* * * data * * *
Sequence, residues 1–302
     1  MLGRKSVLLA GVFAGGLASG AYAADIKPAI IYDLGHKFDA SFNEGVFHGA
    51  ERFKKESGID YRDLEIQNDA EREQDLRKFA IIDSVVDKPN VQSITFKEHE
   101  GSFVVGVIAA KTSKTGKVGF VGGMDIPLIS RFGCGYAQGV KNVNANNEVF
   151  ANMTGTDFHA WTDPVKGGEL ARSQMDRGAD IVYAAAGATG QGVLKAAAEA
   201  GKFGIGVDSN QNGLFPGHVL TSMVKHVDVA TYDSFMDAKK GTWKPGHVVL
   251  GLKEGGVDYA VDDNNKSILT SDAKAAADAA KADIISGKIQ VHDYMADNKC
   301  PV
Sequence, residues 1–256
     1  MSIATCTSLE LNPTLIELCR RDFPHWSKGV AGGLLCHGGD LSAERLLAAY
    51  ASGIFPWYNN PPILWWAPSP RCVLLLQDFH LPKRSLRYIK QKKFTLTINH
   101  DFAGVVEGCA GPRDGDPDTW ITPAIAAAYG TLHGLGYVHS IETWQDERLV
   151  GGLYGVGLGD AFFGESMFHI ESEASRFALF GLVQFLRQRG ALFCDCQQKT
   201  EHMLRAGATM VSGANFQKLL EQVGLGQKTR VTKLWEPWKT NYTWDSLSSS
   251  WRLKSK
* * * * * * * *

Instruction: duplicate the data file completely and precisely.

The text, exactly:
Sequence, residues 1–302
     1  MLGRKSVLLA GVFAGGLASG AYAADIKPAI IYDLGHKFDA SFNEGVFHGA
    51  ERFKKESGID YRDLEIQNDA EREQDLRKFA IIDSVVDKPN VQSITFKEHE
   101  GSFVVGVIAA KTSKTGKVGF VGGMDIPLIS RFGCGYAQGV KNVNANNEVF
   151  ANMTGTDFHA WTDPVKGGEL ARSQMDRGAD IVYAAAGATG QGVLKAAAEA
   201  GKFGIGVDSN QNGLFPGHVL TSMVKHVDVA TYDSFMDAKK GTWKPGHVVL
   251  GLKEGGVDYA VDDNNKSILT SDAKAAADAA KADIISGKIQ VHDYMADNKC
   301  PV
Sequence, residues 1–256
     1  MSIATCTSLE LNPTLIELCR RDFPHWSKGV AGGLLCHGGD LSAERLLAAY
    51  ASGIFPWYNN PPILWWAPSP RCVLLLQDFH LPKRSLRYIK QKKFTLTINH
   101  DFAGVVEGCA GPRDGDPDTW ITPAIAAAYG TLHGLGYVHS IETWQDERLV
   151  GGLYGVGLGD AFFGESMFHI ESEASRFALF GLVQFLRQRG ALFCDCQQKT
   201  EHMLRAGATM VSGANFQKLL EQVGLGQKTR VTKLWEPWKT NYTWDSLSSS
   251  WRLKSK